There’s also a decent attempt to situate Chaplin culturally. The silent, playful Chaplin as the avatar of the oppressed. Universal. Sometimes gender fluid (in women’s clothes, complete with moustache). Sometimes sex-fluid (nancying about, often with policemen). All things to all people. And how this also sometimes counted against him when other labels – Jew, Communist, Homosexual, Subversive – were attached by those on his own side (the paranoid FBI) and elsewhere (the Nazis had a particular hatred, even before Chaplin parodied Hitler as “Adenoid Hynkel” in 1940’s The Great Dictator).

There’s a cakeist approach to the problem of the young women, which the film acknowledges only in a half-hearted way. The marriages to teenage girls, the many affairs with even more and even younger teenage girls, the many forced abortions.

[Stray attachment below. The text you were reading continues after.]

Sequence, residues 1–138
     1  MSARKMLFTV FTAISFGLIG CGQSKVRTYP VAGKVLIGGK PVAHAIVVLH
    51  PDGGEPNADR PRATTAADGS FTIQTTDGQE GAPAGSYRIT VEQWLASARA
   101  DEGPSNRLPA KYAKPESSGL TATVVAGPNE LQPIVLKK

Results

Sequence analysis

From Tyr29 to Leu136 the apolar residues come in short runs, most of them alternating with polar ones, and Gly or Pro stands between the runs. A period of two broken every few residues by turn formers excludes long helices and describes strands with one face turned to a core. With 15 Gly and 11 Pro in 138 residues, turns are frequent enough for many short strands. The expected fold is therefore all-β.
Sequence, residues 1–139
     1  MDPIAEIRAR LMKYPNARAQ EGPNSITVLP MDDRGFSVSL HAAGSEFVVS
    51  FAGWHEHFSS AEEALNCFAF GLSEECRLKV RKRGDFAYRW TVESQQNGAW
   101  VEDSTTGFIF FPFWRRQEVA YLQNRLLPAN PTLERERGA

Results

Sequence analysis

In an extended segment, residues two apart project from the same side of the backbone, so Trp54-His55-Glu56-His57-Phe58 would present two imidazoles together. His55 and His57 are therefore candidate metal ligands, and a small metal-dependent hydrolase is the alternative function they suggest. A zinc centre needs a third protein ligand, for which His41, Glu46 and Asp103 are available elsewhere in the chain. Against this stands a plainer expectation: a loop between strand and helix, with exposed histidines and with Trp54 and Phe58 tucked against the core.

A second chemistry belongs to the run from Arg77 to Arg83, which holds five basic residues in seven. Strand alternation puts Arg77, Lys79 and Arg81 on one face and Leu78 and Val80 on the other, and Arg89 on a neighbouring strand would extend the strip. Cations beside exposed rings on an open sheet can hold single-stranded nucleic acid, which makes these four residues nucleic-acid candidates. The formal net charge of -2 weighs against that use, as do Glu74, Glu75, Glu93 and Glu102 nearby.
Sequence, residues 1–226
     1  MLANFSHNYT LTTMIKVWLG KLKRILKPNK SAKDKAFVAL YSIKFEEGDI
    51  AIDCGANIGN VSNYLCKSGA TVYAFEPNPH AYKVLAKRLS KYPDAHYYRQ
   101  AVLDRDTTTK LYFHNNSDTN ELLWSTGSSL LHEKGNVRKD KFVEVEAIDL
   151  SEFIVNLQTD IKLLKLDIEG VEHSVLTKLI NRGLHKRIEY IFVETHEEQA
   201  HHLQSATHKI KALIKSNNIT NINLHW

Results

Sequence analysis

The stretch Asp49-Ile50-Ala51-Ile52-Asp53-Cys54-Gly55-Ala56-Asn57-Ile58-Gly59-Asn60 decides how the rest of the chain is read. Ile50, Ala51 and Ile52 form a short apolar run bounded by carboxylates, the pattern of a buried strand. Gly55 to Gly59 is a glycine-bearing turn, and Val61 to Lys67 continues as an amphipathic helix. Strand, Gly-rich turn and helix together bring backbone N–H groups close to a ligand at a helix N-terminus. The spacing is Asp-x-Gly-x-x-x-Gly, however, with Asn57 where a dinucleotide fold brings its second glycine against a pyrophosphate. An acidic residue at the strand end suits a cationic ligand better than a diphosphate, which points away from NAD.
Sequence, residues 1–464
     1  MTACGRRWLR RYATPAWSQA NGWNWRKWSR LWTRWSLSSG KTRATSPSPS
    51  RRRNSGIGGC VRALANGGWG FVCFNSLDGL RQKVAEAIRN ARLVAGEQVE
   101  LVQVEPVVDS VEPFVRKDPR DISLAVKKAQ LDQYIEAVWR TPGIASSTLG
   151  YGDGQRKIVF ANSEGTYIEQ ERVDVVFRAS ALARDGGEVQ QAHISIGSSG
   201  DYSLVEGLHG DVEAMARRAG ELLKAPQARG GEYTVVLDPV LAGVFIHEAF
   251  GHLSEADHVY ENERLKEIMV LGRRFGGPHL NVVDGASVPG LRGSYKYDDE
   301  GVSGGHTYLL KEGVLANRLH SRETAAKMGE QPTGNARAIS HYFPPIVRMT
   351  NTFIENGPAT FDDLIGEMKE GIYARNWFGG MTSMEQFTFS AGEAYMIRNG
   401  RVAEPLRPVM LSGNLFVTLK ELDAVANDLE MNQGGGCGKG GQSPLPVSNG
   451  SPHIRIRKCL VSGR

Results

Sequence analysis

Old Charlie with his wife Oona, seen from the rear
The final act: with Oona in Switzerland

Tell-all moments include ex-wife Lita Grey Chaplin spilling the beans on how horrible Chaplin had been to her. He’d married her when she was 16 and pregnant, after failing to convince her of the benefits of a termination. In footage from 1966, we see Lita telling her interviewer that she’d met him when she was playing the uncredited Flirtatious Angel in his film The Kid. She was 12 years old. She pauses, significantly. We fill in the blanks. There’s a whole documentary to be had from this aspect of Chaplin’s life alone, and not a particularly edifying one.